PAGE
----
Two of the most intense debates about the New Testament have to do with who wrote the various New Testament books and when the books were written. Such is the stuff of textual criticism. It seems the first two centuries of the Church were captivated by the confidence of the apostolic message, while the nineteenth and twentieth centuries have been obsessed with doubt. The subject matters revolve around whether the New Testament books had authentic authors that participated in what happened, along with how far scholars pushed the date of composition farther and farther apart from the actual events of the first century.
To be sophisticated and accepted, it seems scholars must be skeptics, which is surely a deadly path for professed Christians. That’s why we could summarize the situation with this aphorism: While “the just shall live by faith,” the successful academic “shall excel through doubt.” Make note: this author rejects the excessive critical attitude so prevalent among those who spurn the Bible’s history and its claims of God’s saving acts encompassed therein. Using the proper theological word, I speak of Heilsgeschestiche.
The gospels are often thought to have been written toward the end of the first generation of believers who lived during the time of Christ’s earthly life. Mark may have been written as early as 50 A.D. The other Synoptics were all likely written and in circulation by 70 A.D. before Rome seized Jerusalem from the Zealots and destroyed Herod’s Temple. We can easily guess the timing of the Acts of the Apostles since it did not include the death of Paul, the featured Apostle whose ministry was detailed by Luke, his trusted traveling companion. And since Paul was beheaded in Rome before the destruction of the Temple, the conventional view that he was martyred in the middle of the decade circa A.D. 65 has few challengers. Consequently, Luke’s gospel and Acts as well were completed sometime before then, likely about A.D. 63. Peter writes his first letter predicting suffering that will soon come upon the Church and seems to anticipate the conquest of Jerusalem in A.D 70. And it appears that Peter is aware of Paul’s martyrdom. Therefore, his epistle can be dated to 68 A.D. or thereabouts.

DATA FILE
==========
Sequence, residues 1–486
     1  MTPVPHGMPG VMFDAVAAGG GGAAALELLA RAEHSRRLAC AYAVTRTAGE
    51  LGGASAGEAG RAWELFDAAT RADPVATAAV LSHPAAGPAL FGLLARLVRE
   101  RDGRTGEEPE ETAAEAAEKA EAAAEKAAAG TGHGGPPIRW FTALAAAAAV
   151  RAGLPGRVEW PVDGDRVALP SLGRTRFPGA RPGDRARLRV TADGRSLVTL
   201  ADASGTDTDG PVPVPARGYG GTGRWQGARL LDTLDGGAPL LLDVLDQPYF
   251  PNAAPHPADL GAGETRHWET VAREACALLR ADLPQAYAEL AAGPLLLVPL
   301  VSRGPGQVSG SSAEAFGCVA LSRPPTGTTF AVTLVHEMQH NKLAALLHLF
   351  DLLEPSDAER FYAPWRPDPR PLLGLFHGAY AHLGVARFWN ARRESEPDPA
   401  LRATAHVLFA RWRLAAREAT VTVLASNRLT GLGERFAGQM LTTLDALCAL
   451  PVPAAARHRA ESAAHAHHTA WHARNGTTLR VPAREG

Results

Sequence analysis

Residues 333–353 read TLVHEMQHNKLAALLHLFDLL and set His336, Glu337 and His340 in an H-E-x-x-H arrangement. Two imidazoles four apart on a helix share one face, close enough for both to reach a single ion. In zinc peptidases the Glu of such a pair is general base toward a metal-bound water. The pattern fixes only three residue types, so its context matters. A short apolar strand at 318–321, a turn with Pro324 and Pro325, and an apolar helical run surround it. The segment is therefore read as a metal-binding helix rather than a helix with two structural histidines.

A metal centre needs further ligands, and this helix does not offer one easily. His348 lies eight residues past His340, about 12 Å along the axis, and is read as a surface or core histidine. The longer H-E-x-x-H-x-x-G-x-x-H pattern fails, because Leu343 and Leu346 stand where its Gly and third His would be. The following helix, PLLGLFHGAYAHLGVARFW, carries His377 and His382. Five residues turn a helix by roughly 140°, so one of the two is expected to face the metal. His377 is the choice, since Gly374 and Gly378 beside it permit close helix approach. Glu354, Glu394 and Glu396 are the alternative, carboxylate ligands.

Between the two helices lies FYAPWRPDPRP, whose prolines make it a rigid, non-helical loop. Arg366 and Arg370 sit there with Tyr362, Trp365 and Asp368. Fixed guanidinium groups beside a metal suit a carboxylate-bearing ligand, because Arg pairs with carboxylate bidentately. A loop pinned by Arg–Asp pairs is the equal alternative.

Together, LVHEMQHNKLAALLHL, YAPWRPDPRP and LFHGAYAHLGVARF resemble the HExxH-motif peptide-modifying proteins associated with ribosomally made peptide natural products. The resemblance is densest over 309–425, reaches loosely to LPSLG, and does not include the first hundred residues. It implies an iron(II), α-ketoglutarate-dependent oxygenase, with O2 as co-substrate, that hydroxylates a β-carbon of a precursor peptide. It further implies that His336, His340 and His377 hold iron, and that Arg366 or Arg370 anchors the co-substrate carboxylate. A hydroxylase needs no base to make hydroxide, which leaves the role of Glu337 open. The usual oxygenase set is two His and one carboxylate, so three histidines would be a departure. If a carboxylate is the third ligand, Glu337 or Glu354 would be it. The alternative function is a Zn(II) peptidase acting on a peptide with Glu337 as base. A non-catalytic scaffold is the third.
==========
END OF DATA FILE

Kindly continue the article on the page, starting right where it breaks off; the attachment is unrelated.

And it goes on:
The apocalyptic books of 2 Peter, Jude, and Revelation were likely written after the destruction of the Temple in Jerusalem and during a fearful time when the Church was unsure of what the future would hold. John’s letters and his gospel were likely written late, near the end of the first century. John was the youngest Apostle, “the disciple whom Jesus loved,” as he self-identifies himself with a humble pseudonym (Jesus loved all his disciples, but John, being the youngest, might have been Jesus’ favorite.) That he outlives the other apostles is not a surprise. Given that he was the only disciple who dared to stand at the feet of the cross when Jesus was crucified, his longevity was possibly a reward for his faithfulness and courage. He also was assigned the task by Jesus to look after Mary, his mother. The Lord didn’t want Mary’s trustee to disappear from the scene before she did.
The Book of Revelation was either written around 65 B.C. or 95 B.C. The timing is crucial for those that argue over whether Christ’s return comes before or after “the Great Tribulation” that Jesus mentions in Matthew 24; and whether or not there is a 1,000-year period when we have “heaven on earth” known as the Millennium. The early date satisfies the Preterist view, which believes all prophecies pertaining to “tribulation” and “second coming” were fulfilled before Jerusalem was destroyed in 70 A.D. However, if the Book of Revelation was written late (closer to Domitian’s persecution at the end of the first century rather than Nero’s persecution circa A.D. 68), then the prophesies and apocalyptic vision of the Revelation tells of future times – not the past. Hence the late-daters are known as “futurists,” and the early-daters are known as “preterists.”